First, when players talk about those times, it’s important to understand that such extremes are memorable because they were and are extremes; the average day for an EQ1 players was NOT spent sitting at one spawn waiting for a specific iem, just like the average day for a DAoC player was not a 5 hour relic raid. A UO player’s average day was not breaking into a house, or getting ganked with half your items at the Brit bank. Today massive battles in EVE are news-worth because they don’t happen daily, record breaking thefts make the front pages because, well, they just broke a record in a game with 10+ years of history.

That said, let’s make no mistakes about it, the above are very important to those games; many are the catalysts that inspire others to start playing or to play more/differently. When they go well, they are the highs that make the day-to-day stuff worthwhile, and even when they go wrong, they leave an impression. Keeping everything vanilla is safe, but safe doesn’t inspire year after year of loyalty and excitement; it gets you a 3 week run that is entirely forgettable.

That’s not to suggest you can simply copy/paste 1997 UO, release it with updated graphics, and profit. Changes to the formula are needed, but outright abandoning the core is clearly not working. So when MMO fans talk about bringing back the ‘good old days’, it’s not because they want everyone to sit around a mob spawn for 12 hours daily, or because they would love to play a game where they lose everything at the bank all the time. In addition to a lot of basic concepts I’ll cover in a future post, they want the possibility of something memorable happening, because without those standout moments, your MMO is just another game to check out for a brief period of time, and that is NOT what an MMO is all about.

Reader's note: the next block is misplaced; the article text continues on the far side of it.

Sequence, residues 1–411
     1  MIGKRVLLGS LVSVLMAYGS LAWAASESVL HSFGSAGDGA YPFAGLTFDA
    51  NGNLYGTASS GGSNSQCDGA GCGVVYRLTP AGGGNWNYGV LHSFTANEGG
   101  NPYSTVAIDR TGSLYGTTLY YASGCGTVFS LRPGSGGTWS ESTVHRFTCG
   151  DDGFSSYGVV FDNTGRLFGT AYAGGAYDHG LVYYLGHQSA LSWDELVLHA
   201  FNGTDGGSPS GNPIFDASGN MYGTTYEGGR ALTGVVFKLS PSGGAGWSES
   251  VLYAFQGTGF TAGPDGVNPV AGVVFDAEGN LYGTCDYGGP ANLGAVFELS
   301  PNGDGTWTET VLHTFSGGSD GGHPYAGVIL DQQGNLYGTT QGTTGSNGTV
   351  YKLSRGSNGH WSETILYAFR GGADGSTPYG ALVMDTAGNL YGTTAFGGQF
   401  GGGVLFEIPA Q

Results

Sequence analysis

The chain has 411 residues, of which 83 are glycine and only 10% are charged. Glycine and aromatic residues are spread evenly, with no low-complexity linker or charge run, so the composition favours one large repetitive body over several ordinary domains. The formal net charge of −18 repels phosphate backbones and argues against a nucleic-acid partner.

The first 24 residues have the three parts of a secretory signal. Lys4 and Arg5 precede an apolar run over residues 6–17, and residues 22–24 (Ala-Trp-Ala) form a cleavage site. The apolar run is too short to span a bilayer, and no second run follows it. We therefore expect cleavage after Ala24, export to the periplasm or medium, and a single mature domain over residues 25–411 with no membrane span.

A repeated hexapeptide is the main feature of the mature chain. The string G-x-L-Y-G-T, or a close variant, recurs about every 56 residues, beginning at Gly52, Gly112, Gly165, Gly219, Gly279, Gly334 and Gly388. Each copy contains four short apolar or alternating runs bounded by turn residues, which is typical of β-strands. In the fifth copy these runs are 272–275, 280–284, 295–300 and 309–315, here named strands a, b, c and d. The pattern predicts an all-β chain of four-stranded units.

52 Responses to MMO Future: Understanding old memories

  1. lostforever says:

    I agree with everything you say however I think for WoW 2013 “new player getting stuck in the old stuff,” is a valid concern even if the old stuff is really good since there are not many new players. If there are not many people at your level range then the player will get bored and leave the game. I have done this in the past since regardless of the content, you need LOT of other people for MMO work.

    This is why I think WOW 2013 and EQ2 2013 try to speed up levelling since they want the few new players they get to play with other people ASAP.

    • SynCaine says:

      Yes, but is the correct solution gutting your content (speeding people through it), or by giving your current players a reason to interact with new players so they don’t feel alone?

      • lostforever says:

        Yes I agree gutting is bad however I don’t think WoW or EQ2 has any other options without drastic change to the game and such changes are not worth it since these games are on their way out.

    • carson63000 says:

      Actually, that raises a question for those who played EQ “back in the day” (which was a little bit before my time):

      EQ launched in March 1999 and grew solidly until mid-2001, according to a quick google. What was it like for a new player joining in 2001? The game was two years old, there are two expansions. How easily were new people able to get into a famously group-centric game at that point?